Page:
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Synopsis: Little Boy Lost In his pajamas, and barefoot, he walked across the parking lot of steaming asphalt. He walked, or ran, down the sidewalk, barefoot, to the corner store from which I exit. I drop my plastic bag of beer and instant noodle soup. The boy is treading, left foot up, left foot down, right foot up...he is howling, red-faced, snot glistening over his lips. I pick him up and bring him back inside; we pass under the icy blast of the air-conditioner vent, and into the vomity smell of cleaning agents, and dusty canned food. The boy is crying so hard that he is choking on his own phlegm, and I pat, pat, pat his back. Waving his hand quickly, the clerk motions to me, Bring him here! and he swipes aside boxes of cigars and gum from the counter. I set the boy down and hold up his feet to see the damage; his soles are now two blisters, in parts parchment yellow, in other parts translucent sheaves of epidermis. One blister ruptures, mustard colored plasma oozes thick as penicillin. I look up at the clerk who shouts out in Arabic to his wife; from the stock room, she comes out, her heels clacking quickly, and she hands him the cell phone. The boy’s teeth are chattering, and he shivers; I pick him up, and he wraps around me, tight as a boa-constrictor. As I rock him, the wife banters disbelief in Arabic with her husband, and approaches us, trying to hand the boy a Hershey bar, which he refuses to grab. We spend ten minutes like this until we hear the sirens, squeal of brakes, and the chugging of a diesel engine idling. Two firemen and a paramedic step inside...the young paramedic, who looks a like blond Malibu surfer, carries the boy to the ambulance. The door open, I stand at the store’s entrance and gaze at the boy who is still crying and is now on a guerney inside the van. With blue latex gloves, the medic examines the boy’s feet, while a fireman tries to ask me questions, though my ears are throbbing and I can’t listen, can’t hear a thing, until I hear the voice of his mother, and I step out onto the sidewalk, and see her walking in her slippers and in a violet nightgown, and she’s gesticulating, screeching I told him to go nowhere and wait outside! I told him to sit outside and stay! Something fragile and small within me shatters, and then I feel a scald throughout my limbs; I approach her, shouting, but a fireman is holding me back, and insists in a decisive and well-annunciated tone: Sir, are you the father? Are you the boy’s father; sir, are you the father?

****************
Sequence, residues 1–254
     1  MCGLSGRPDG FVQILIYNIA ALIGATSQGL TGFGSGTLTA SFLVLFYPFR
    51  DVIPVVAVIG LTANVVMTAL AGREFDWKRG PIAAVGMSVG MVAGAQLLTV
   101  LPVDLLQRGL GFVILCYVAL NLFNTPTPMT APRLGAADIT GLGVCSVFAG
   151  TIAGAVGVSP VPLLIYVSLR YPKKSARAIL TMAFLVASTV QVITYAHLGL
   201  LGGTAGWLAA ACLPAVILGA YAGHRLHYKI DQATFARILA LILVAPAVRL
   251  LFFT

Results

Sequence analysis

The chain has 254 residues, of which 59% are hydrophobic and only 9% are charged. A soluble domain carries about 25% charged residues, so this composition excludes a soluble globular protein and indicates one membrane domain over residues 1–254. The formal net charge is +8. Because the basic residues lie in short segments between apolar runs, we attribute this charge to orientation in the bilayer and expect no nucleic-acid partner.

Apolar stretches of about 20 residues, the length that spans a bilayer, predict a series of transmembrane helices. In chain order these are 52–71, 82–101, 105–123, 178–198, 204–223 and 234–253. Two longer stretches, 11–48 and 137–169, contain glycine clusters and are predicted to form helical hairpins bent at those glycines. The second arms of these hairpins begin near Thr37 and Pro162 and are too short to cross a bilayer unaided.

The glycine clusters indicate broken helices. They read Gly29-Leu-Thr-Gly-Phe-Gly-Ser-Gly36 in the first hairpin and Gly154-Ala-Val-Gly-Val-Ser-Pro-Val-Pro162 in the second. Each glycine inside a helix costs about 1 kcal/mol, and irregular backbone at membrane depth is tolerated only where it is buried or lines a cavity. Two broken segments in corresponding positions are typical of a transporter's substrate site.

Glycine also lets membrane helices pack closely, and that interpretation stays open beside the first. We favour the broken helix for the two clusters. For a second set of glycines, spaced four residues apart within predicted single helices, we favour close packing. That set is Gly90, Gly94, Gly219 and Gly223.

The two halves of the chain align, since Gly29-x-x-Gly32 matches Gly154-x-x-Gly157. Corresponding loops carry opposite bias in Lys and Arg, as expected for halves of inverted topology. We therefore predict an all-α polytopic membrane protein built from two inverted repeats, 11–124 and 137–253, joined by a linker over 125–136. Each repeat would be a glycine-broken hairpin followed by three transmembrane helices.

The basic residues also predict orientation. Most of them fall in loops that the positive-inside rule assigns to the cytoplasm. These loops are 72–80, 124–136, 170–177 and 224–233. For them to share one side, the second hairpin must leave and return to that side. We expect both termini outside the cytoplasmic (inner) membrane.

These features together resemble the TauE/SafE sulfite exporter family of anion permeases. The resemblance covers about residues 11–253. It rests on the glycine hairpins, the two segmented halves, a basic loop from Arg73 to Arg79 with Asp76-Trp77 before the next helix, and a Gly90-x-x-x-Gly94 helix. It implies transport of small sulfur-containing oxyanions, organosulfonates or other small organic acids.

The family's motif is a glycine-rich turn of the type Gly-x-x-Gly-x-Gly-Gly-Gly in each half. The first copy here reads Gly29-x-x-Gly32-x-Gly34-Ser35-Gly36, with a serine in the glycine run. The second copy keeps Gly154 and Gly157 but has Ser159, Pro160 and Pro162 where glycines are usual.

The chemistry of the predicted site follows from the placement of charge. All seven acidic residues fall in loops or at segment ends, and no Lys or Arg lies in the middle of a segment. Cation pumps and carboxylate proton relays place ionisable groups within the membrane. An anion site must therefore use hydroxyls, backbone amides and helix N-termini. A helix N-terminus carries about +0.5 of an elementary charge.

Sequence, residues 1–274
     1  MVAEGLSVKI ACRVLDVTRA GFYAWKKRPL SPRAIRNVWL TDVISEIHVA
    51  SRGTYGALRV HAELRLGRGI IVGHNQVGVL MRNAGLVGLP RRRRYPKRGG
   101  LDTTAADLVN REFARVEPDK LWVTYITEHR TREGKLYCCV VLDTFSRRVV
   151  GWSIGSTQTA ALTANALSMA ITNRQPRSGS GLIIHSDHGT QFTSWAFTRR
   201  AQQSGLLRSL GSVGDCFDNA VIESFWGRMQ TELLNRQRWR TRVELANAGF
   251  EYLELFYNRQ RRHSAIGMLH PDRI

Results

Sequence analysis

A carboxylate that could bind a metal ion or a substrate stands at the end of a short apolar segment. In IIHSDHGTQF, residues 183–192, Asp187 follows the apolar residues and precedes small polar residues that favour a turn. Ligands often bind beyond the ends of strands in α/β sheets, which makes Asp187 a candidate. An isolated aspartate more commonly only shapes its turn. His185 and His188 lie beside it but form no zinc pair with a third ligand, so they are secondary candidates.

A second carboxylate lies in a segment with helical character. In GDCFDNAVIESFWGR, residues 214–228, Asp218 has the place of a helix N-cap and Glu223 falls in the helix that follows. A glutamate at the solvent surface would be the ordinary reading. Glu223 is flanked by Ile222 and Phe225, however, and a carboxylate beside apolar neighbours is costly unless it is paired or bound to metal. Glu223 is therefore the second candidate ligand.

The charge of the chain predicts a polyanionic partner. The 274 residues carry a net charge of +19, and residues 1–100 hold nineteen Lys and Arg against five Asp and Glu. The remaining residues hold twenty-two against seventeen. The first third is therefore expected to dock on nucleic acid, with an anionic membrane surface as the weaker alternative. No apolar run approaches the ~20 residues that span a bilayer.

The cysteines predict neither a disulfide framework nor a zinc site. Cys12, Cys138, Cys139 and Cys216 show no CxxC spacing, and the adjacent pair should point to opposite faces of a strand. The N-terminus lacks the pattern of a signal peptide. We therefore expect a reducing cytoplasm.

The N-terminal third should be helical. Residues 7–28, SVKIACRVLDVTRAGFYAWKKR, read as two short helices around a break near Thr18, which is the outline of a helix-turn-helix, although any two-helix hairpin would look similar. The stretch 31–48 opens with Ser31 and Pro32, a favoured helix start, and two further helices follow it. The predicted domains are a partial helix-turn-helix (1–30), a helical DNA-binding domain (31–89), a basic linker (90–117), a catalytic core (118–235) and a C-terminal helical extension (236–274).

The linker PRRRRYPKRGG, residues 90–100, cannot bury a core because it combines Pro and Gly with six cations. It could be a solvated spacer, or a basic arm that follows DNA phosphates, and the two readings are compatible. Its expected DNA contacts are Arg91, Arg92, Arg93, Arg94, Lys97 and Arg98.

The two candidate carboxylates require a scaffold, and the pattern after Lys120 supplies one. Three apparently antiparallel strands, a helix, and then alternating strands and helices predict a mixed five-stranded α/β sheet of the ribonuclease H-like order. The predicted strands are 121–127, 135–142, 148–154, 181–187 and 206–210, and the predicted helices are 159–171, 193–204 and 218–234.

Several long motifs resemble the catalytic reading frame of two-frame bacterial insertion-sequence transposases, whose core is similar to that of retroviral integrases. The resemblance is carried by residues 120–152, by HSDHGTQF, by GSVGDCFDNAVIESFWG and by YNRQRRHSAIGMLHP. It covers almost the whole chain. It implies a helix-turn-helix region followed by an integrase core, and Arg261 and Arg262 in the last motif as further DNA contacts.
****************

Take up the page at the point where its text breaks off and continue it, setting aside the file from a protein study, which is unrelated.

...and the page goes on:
From the Inside Flap: Like a red wind sirocco from a Raymond Chandler story, Anthony Seidman’s poems surround your body and your senses. The words are both abrasive and dark, the way the night is dark and a desert wind is like sandpaper on your skin. These prose poems are like an Under the Volcano in verse but they are not a simple noir or the compelling ravings of a drunk poet of lost souls. You can feel the tension, the warring factors at work in these finely wrought poems. This is the raw stuff of creation wedded with loss, the primal and the ineffable, finding form in a neon lighted cantina on the edge of the writer’s mind. —Alan Catlin “Explosive” is one way to describe Combustions, Anthony Seidman’s raucous book of prose poems. “Brazen is another, as he, “like a fin slicing water toward trawled dolphin,” travels through the “faucet in a marble bathroom,” then emerges: “...driving home, I sweat from netting in an innuendo uttered that morning from parking attendant or tourist, a code which, after originally sinking in the swamp of consciousness, has surfaced, its skin brackish and green.” These poems will submerge you, rattle you—even taste you, like a reef shark trolling for an easy meal. You can’t surf these poems. They are too unpredictable. Diving’s the only way to go, down below the dangerous reef itself. Seidman’s imagery ranges from the top of the brain (“They taste of autumn, sharply copper-like”) to the depths of the psyche (“With syllables he heard the falling of cherry blossoms in a temple atrium in that region where the farmers had already stored the rice.”) Strap yourself in. —Alan Britt Once you start to read these poems, you will not stop. You’ll find yourself immersed in the presence of an extraordinary interior dialogue between something you feel you know—but have somehow forgotten—and something you think you know but which instead turns out to be unknown. Words will no longer seem to adhere to their inherited interpretations, their imposed meanings. Seidman’s lush voice allows each the freedom to roam into the shape of a reality that best helps him solve his singular reality. Just like the light one peels from an onion, it is the clarity of his depth that brightens our short visit.—Paul B. Roth, Editor and Publisher, The Bitter Oleander Press
Title: Combustions: Poems by Anthony Seidman
Publisher: March Street Pr
Book Condition: As New
Book Description March Street Pr, 2008. Condition: New. book. Seller Inventory # M1596610999
Book Description March Street Pr, 2008. Paperback. Condition: New. Never used!. Seller Inventory # P111596610999